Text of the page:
He Huifeng

He Huifeng

Guangdong Correspondant

Huifeng is a contributor to Inkstone. She is an award-winning journalist with a focus on China’s political, economic and social issues.

Location
Guangdong
Language spoken
English, Mandarin, Cantonese
Areas of Expertise
Chinese political economics, China news, content editing
35 may be too old to find work in China
Is 35 suddenly becoming “over the hill” in China? It certainly feels that way to some workers.  As the competition for jobs becomes more fierce among a pandemic-related economic slowdown, a growing number of employment ads are posting age limits of 35 for fresh applicants.  The problem is so widespread that state media has even branded it the “age 35 phenomenon.” In his forties, David Huang is one of the scores of Chinese workers above 35 feeling increasingly vulnerable.  After the small clothing factory he owned in the southern province of Guangdong closed last year, he now roams between wet markets and roadside stalls, trying to sell his remaining inventory of about 10,000 garments. “I’m
Money to burn: Chinese elite swap international travel for high-end spending at home
Watches, diamonds, gold and leather goods were among the luxury items that made up a whopping US$54 billion spent by China’s wealthiest families last year. With coronavirus severely curtailing all international travel – and extravagant shopping excursions to Paris, Dubai, New York and London – affluent families in China have been forced to shop up a storm at home in a bid to reduce their anxiety about border closures that keep them stuck in China. “Before the outbreak, we would travel abroad a lot every year, or even live for a while away from the mainland. Last year I turned to shop more for watches, diamonds and gold to compensate for the regret for not being able to travel abroad,” said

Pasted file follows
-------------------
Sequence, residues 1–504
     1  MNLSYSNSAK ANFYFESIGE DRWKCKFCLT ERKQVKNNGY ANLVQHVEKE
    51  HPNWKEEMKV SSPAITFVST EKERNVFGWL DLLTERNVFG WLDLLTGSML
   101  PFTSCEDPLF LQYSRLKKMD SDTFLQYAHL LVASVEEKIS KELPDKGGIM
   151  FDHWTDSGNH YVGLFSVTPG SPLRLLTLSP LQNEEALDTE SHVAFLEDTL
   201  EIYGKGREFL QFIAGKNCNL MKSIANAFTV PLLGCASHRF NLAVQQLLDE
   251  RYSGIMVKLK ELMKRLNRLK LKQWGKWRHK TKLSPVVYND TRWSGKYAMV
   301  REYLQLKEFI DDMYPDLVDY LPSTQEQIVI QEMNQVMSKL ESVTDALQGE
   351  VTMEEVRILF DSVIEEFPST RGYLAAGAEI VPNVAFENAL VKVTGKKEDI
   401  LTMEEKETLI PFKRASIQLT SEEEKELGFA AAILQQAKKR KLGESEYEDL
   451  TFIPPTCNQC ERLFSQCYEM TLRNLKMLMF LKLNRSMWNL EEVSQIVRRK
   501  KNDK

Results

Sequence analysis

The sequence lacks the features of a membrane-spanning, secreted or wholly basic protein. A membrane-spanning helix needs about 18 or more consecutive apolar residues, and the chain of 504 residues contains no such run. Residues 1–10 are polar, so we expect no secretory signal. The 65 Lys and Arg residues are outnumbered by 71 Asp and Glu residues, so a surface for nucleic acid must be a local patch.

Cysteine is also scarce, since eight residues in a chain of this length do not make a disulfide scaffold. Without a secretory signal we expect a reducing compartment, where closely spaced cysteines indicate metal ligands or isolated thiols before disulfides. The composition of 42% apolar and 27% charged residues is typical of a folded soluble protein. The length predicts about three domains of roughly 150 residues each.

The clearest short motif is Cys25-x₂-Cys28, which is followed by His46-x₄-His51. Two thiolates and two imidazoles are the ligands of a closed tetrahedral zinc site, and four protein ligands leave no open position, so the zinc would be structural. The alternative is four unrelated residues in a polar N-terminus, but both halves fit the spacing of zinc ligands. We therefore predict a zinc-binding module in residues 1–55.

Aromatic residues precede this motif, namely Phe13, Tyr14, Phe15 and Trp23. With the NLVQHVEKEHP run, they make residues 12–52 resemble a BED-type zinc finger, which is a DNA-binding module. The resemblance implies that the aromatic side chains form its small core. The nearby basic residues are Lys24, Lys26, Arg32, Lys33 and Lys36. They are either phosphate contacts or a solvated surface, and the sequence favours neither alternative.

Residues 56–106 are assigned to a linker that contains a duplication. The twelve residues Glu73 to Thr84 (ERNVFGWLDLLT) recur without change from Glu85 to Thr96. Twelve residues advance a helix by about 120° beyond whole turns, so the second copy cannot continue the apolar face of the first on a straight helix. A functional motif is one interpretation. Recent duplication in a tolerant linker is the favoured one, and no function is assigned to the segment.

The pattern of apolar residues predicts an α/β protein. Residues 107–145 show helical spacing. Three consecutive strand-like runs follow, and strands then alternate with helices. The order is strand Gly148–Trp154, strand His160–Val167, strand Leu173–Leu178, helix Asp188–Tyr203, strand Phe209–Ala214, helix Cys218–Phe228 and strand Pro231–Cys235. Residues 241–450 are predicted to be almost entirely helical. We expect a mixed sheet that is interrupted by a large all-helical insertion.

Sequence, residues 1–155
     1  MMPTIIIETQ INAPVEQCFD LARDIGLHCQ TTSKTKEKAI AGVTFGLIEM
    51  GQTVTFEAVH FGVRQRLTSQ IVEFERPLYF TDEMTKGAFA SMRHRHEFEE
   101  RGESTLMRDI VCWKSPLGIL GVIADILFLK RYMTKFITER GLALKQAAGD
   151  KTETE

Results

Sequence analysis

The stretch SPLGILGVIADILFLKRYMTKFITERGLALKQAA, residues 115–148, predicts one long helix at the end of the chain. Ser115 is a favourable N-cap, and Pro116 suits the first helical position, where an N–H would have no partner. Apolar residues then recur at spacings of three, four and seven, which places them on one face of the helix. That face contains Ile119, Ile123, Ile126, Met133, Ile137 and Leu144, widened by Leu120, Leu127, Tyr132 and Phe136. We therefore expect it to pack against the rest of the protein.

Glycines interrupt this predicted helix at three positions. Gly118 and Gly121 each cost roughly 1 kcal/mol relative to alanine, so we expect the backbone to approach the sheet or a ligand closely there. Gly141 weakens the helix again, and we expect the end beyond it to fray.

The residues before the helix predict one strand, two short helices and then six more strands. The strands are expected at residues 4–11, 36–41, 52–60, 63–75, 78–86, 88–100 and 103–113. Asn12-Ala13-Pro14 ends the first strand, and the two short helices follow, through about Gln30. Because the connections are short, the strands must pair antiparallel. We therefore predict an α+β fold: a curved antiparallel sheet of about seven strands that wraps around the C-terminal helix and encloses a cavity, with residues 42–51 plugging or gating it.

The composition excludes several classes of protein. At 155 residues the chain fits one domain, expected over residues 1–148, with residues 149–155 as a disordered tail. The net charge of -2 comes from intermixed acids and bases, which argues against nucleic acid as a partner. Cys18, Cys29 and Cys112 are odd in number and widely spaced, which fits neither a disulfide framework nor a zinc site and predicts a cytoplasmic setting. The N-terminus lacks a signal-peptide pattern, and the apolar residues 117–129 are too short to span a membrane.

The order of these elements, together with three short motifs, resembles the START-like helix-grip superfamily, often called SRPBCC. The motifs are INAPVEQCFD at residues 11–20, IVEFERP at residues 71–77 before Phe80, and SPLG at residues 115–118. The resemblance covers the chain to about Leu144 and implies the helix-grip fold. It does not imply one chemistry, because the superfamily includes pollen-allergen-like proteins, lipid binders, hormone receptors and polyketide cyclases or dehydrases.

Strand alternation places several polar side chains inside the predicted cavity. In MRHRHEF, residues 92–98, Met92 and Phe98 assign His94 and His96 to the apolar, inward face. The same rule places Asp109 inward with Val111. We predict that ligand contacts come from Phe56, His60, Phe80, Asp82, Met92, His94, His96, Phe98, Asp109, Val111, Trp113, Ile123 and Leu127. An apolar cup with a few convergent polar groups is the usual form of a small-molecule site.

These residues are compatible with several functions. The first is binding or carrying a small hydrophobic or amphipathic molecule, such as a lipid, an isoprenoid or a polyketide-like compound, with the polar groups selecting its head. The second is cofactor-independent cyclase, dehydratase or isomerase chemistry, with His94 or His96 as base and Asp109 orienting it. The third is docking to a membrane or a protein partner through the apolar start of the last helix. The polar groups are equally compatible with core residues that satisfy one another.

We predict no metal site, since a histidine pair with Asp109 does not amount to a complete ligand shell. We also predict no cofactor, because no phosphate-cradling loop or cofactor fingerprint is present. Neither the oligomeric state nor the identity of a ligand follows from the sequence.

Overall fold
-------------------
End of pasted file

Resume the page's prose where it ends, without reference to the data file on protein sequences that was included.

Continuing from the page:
China’s rich nervous to move assets overseas amid pandemic crisis
For years, China’s wealthiest have strived to gain residency overseas in order to protect their assets, but the pandemic has complicated matters.  Many are now facing a million-dollar question, do they stay in China and risk losing their assets, or move abroad where they risk contracting the virus? According to consultants and business people, many are conflicted and feel pressured that the Chinese government could seize their assets in what is perceived as a campaign against business owners. Among them is Wendy Zhao and her husband, who own properties worth more than US$3 million in Shenzhen, China’s hi-tech hub.  They are at odds over whether to move to New Zealand next year to start a ne
Entertainment spending highlights China’s great wealth divide
If ever there was a barometer of China’s rich and poor divide, it is a new report on how much people spend on entertainment and leisure activities. Almost 45% of the population - equivalent to 620 million people in China – spend less than US$153 on entertainment for the entire year, a new survey reveals. About 4.1% of respondents said they spent nothing on leisure. “The last time I went to a wedding reception in a neighboring village, I spent 80 yuan (US$12) on a gift,” said Luo Xiu, who is in her 50s and lives in Wan’an county in the southwestern Jiangxi province. “I had a good meal and fun there. I think that is my only expense on leisure in the last year.”  The survey, by the Chinese Aca
China’s rich are worried about the future of Hong Kong
Wealthy investors from mainland China are watching developments in Hong Kong with growing concern, as tensions between Beijing and Washington over a new national security law raise questions about the future of the city. While anti-government protests have hurt Hong Kong’s reputation as an orderly financial hub, well-off investors in the mainland are still attracted to the city’s unique privileges within China.  Unlike mainland China, Hong Kong has unrestricted capital flows, an uncensored internet and rule of law upheld by an independent judiciary. The freedoms have allowed affluent investors to park money in the city and access the outside world. But China’s decision to move ahead with a